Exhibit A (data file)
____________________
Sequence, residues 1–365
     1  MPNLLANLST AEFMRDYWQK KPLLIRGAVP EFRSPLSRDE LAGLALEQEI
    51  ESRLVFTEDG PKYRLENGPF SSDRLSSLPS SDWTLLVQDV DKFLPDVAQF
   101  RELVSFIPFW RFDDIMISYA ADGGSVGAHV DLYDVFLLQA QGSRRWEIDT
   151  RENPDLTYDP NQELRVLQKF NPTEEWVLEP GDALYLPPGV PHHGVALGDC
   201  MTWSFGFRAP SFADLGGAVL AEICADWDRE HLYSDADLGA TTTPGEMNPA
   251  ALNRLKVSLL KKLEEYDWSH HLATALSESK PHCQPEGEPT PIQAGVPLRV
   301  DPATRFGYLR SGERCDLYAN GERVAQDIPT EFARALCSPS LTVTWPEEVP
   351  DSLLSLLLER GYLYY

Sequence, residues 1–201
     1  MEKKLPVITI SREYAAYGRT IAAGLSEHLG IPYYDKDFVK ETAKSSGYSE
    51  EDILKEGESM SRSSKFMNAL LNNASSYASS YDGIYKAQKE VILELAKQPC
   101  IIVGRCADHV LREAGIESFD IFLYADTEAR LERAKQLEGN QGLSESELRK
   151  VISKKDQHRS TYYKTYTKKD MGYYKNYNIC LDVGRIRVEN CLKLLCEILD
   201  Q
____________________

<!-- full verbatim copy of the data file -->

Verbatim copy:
Sequence, residues 1–365
     1  MPNLLANLST AEFMRDYWQK KPLLIRGAVP EFRSPLSRDE LAGLALEQEI
    51  ESRLVFTEDG PKYRLENGPF SSDRLSSLPS SDWTLLVQDV DKFLPDVAQF
   101  RELVSFIPFW RFDDIMISYA ADGGSVGAHV DLYDVFLLQA QGSRRWEIDT
   151  RENPDLTYDP NQELRVLQKF NPTEEWVLEP GDALYLPPGV PHHGVALGDC
   201  MTWSFGFRAP SFADLGGAVL AEICADWDRE HLYSDADLGA TTTPGEMNPA
   251  ALNRLKVSLL KKLEEYDWSH HLATALSESK PHCQPEGEPT PIQAGVPLRV
   301  DPATRFGYLR SGERCDLYAN GERVAQDIPT EFARALCSPS LTVTWPEEVP
   351  DSLLSLLLER GYLYY

Sequence, residues 1–201
     1  MEKKLPVITI SREYAAYGRT IAAGLSEHLG IPYYDKDFVK ETAKSSGYSE
    51  EDILKEGESM SRSSKFMNAL LNNASSYASS YDGIYKAQKE VILELAKQPC
   101  IIVGRCADHV LREAGIESFD IFLYADTEAR LERAKQLEGN QGLSESELRK
   151  VISKKDQHRS TYYKTYTKKD MGYYKNYNIC LDVGRIRVEN CLKLLCEILD
   201  Q